California sees another week of dramatic drought improvement. How does it compare to US?
California is more than 91% drought-free, according to the U.S. Drought Monitor, after months of non-stop rain and snow yanked the state from its direst three-year-stretch on record.
California is now free of "severe," "extreme," and "exceptional" drought conditions—evidence that each week the state moves further away from its drought-stricken status.
The entire Central Valley, Central Sierra, foothills, the coast and most of Southern California have exited drought conditions.
The majority of the northern part of the state is drought-free except for Modoc and parts of Lassen, Trinity and Siskiyou counties. The desert region hasn't rid itself of drought quite yet as Inyo, Riverside and San Bernardino counties remain in "moderate" conditions.
Roughly 743,000 people remain in drought areas, according to a Thursday update from the U.S. Drought Monitor—an improvement over the 5 million in March.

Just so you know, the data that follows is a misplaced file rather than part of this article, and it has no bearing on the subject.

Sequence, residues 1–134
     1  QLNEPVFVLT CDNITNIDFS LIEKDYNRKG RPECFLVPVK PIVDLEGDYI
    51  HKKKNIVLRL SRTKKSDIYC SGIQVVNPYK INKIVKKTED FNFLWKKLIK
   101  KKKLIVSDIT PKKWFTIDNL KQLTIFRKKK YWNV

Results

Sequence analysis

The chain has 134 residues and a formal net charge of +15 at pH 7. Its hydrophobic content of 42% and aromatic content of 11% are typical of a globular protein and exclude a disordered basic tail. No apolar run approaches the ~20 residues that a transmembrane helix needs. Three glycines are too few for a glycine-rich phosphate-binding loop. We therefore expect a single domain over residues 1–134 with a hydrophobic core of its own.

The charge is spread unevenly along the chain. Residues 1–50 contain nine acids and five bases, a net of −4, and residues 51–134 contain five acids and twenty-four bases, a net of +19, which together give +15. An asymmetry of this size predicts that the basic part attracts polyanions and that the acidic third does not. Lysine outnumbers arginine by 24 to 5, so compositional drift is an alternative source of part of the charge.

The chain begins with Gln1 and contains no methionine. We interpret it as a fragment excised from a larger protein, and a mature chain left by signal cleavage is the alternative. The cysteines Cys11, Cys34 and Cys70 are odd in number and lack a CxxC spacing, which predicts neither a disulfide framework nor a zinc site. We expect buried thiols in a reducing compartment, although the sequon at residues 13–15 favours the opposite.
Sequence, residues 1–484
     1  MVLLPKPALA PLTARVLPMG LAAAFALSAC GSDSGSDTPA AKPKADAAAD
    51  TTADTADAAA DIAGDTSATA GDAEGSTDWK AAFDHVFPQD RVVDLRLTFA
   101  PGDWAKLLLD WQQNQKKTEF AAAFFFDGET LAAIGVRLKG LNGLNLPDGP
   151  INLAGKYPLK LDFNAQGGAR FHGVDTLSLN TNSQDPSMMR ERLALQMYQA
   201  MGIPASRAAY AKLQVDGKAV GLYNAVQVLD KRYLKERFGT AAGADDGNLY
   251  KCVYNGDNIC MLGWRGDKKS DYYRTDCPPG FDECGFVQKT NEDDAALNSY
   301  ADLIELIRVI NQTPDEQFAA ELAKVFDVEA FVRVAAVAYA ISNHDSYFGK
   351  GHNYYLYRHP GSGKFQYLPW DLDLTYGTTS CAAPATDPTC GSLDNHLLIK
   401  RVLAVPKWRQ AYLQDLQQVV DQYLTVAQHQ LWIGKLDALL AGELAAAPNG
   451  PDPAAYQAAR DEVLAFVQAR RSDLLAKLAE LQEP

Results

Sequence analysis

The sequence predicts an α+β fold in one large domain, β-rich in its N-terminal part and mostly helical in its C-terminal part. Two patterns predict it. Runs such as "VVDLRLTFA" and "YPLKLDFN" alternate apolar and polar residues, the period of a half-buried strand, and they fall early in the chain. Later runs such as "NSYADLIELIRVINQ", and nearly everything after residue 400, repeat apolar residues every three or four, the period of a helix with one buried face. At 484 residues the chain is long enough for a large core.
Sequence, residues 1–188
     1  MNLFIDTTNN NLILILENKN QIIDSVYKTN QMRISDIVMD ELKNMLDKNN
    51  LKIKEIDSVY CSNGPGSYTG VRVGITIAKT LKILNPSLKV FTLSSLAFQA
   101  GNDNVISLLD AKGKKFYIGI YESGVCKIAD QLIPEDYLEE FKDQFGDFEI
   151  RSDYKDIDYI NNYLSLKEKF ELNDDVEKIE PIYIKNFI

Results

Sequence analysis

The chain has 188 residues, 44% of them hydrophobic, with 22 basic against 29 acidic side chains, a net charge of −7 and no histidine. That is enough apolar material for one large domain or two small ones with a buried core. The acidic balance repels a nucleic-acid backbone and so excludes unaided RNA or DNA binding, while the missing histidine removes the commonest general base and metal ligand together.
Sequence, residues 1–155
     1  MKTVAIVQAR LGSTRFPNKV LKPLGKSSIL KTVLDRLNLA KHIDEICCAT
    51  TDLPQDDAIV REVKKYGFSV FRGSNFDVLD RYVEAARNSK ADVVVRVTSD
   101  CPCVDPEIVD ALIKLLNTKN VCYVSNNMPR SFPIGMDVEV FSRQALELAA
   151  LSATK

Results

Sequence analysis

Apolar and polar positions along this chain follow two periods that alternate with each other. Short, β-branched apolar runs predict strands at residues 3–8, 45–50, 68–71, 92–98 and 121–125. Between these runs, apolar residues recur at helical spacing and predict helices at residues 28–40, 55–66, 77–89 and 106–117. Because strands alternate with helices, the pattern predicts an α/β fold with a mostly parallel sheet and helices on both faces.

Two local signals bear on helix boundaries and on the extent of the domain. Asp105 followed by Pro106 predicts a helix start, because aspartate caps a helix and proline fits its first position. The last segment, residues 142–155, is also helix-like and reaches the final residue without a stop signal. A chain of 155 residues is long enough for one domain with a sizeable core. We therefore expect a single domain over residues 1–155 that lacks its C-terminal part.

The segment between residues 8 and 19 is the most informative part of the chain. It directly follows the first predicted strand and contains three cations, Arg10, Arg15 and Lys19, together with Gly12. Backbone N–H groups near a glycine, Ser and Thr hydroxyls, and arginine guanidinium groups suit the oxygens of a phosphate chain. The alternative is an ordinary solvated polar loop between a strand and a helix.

Meaning, whether or not the drought is over is dependent on where you are and the status of your water agency's supply.
Roughly 34% of the state is abnormally dry—a significant decrease over last week's 43.8%. Nearly 8.8% remains in "moderate" status.
The information used in this interactive map, collected from the U.S. Drought Monitor, was updated Thursday with data through April 11. Here are the drought conditions in California. See where you land:
How does California compare to the rest of the US?
California is known nationwide as a drought state, but several areas across the U.S. have equally troubling water concerns—right now some places are worse.
Parts of the South and High Plains regions—Wyoming, South Dakota, North Dakota, Nebraska, Colorado, Kansas, New Mexico, Oklahoma and Texas—haven't been so lucky.
Kansas is the most drought-stricken of them all and conditions have only gotten worse within the last seven days. More than 56% of Kansas is in "extreme" drought and roughly 43.5% is in an "exceptional" status.
Most of Florida is also in moderate to severe drought.
Drought is a moisture deficit—the amount of water the state has compared to the amount of water it can hold—causing social, environmental or economical effects, according to the U.S. Drought Monitor.
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